Noted Psychologist Barry Schwartz highlights the paradox of choice of our times. He cites that modernity has provided an explosion of choice in two different respects. First, in areas of life in which people have always had choice, the number of options available to them have exploded. Second, in areas of life in which there was little or no choice, significant options have now appeared.
Consider this example from the U.S from a large super market store – 165 varieties of “juice drinks”, 360 types of shampoos, 275 varieties of cereals! A typical American supermarket carries more than 30,000 items. More than 20,000 items hit the shelf every new year. It is safe to assume that we in India are getting there and our hyper markets would have items surely in the order of magnitude of thousands.
In areas where our parents had little choice for e.g. like mobile communications, insurance and medical care, choice has grown to significant proportions.
We have more choice, and presumably more freedom and autonomy, and self-determination, than ever before. You would assume that this increased choice must improve well-being. This is, in fact, the standard line among social scientists who study choice.They argue that increased choice makes the society better off. Those who want them will benefit, and those who don’t always have the choice of ignoring. Though this seems logically compelling, it is empirically not true as proved by many studies.
What assessments of well-being suggest is that close social relations are the main determinant of happiness. There seems to be this underlying transition at work in our cities as well. We are slowing moving from the personalized mom-and-pop store in which the bhaiyya or chacha/chachi or didi always knew what your family wanted. And they would invariably keep you posted about the best offers up for grabs. Choice was much simpler. You picked your core items and any indecision on the margin, you had some reliable to seek information from a person you trusted.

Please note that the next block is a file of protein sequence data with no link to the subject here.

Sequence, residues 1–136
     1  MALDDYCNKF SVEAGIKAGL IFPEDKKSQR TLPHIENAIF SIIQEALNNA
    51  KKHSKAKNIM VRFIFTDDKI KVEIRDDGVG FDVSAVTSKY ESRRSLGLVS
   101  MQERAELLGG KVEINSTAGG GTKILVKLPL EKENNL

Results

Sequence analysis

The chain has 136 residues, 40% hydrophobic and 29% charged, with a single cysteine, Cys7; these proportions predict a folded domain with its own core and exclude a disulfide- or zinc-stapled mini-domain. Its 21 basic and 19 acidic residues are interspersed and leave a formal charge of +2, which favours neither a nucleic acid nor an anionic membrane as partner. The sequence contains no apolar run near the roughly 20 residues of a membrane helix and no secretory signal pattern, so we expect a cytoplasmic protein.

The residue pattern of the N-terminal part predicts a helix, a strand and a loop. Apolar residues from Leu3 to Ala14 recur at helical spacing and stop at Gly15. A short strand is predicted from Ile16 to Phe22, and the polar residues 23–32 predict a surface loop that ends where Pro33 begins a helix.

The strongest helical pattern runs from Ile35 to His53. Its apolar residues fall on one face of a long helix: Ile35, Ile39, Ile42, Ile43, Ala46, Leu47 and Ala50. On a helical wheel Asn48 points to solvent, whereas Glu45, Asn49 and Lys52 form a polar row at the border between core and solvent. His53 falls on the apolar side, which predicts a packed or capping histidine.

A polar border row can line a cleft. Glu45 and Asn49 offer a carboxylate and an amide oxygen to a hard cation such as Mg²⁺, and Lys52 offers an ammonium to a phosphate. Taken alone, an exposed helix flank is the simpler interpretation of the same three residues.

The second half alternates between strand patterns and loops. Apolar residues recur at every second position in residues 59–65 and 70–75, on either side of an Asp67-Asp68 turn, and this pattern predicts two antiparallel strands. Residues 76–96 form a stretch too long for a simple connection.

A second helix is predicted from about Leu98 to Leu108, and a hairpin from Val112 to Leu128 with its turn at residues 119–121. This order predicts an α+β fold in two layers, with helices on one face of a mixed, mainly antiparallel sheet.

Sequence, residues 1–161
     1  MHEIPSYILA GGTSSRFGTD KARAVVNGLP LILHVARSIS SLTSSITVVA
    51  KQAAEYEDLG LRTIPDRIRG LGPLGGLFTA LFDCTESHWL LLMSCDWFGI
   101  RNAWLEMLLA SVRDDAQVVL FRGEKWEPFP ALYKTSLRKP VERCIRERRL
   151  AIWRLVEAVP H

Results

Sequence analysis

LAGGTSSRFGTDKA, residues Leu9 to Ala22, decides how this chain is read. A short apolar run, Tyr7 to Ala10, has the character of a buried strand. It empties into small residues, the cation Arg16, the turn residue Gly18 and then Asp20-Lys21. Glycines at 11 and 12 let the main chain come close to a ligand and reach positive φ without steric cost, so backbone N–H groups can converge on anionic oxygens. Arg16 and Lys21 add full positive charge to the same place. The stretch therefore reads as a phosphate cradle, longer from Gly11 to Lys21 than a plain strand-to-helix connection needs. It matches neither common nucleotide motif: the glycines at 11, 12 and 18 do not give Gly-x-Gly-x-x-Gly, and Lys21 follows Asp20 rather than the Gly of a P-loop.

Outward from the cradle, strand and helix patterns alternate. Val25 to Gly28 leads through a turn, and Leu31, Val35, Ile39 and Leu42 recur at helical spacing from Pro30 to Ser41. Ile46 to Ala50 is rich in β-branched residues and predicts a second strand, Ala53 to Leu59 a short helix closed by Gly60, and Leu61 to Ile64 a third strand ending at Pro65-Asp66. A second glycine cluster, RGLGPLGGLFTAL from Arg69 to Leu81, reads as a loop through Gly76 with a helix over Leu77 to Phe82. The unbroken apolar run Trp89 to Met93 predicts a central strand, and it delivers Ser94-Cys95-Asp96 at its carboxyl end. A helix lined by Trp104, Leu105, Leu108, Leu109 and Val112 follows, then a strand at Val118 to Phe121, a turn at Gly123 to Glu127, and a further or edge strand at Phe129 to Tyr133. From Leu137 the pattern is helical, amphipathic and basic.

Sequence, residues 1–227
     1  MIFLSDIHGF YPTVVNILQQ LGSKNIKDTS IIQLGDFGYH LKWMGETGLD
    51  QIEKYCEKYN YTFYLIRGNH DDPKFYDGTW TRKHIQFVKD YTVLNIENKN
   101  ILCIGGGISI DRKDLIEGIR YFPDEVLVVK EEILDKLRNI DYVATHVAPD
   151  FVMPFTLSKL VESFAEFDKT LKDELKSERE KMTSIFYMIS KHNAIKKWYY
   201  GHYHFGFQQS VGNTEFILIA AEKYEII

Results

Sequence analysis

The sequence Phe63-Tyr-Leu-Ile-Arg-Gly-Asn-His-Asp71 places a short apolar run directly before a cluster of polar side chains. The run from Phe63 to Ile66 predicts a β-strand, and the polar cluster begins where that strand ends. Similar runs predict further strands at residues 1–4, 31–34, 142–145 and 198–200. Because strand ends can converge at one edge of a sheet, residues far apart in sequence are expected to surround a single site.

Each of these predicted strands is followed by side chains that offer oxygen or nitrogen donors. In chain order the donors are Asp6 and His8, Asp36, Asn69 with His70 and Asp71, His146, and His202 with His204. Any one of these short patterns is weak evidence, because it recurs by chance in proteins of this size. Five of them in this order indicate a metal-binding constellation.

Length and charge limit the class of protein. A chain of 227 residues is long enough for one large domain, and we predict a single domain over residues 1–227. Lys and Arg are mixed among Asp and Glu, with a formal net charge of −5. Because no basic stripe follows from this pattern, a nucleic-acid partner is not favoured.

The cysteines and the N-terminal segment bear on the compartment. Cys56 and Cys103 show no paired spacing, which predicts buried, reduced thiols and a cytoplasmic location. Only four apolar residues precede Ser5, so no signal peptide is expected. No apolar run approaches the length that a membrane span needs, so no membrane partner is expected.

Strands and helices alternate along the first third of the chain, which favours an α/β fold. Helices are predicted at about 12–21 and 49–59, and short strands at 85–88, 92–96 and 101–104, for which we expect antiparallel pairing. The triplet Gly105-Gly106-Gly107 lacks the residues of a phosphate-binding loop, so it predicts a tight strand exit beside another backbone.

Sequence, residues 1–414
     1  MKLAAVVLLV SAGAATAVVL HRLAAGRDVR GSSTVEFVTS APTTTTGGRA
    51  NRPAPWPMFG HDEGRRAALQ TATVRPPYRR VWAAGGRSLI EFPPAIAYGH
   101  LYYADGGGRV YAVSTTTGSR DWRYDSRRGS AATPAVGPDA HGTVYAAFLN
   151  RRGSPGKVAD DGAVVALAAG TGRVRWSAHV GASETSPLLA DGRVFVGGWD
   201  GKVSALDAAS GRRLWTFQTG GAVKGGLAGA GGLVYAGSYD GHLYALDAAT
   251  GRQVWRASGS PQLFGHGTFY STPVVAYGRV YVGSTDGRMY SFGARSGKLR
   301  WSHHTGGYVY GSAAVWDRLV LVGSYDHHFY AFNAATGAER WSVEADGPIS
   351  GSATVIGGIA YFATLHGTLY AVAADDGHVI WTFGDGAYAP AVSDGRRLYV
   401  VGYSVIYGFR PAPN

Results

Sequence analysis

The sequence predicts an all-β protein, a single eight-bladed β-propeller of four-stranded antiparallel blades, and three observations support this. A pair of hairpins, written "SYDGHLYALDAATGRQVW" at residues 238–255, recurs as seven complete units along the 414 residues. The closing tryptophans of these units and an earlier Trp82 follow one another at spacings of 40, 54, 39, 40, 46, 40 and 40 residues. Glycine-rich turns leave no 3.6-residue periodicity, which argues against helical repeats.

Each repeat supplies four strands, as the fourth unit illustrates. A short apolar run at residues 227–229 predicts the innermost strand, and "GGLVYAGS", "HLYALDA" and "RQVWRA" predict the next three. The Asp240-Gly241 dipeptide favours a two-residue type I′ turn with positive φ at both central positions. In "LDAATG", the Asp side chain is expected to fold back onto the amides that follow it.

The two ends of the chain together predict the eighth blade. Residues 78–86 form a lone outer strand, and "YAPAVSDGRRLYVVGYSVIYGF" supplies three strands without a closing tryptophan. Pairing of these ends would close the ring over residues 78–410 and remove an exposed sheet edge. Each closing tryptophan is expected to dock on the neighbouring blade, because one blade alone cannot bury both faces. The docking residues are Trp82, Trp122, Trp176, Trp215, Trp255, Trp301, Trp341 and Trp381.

Contrast that with our hyper markets. Sure they provide you a wonderful shopping experience for your family. The hyper malls have got bigger, swankier and all encompassing. They also offer you cheap shopping days or bumper bonanzas on all items from salt to software. But do we really know what we want amidst the plethora of choices the super markets offer us? During my levers experience, it was found that a super market shopper took on average 5 seconds to make a shopping choice. Think about it for a second, do we really flip the product and care to read the nutrition or other bylines at the back of the packaging in 5 seconds?
If we were unsure, are we really confident of getting trustworthy advice? What is in it for an electronic executive to give you the best deal when he/she is unlikely to have repeated exchange with you once again? In our quest for the best option, we are more likely to be prone to regret. We are more likely to discover someone in our network who made a better choice. With nobody personal to blame, we shoulder the blame for the choices we make. In a world of increased choice, we have engineered ourselves more emotional instability or if I dare say, neuroticism.
Many centuries after Buddha and a few decades after Gandhiji, the messages they left us with are becoming even more relevant. A fulfilling life is one of moderation – filled with simple living and higher order thinking. Anyone listening?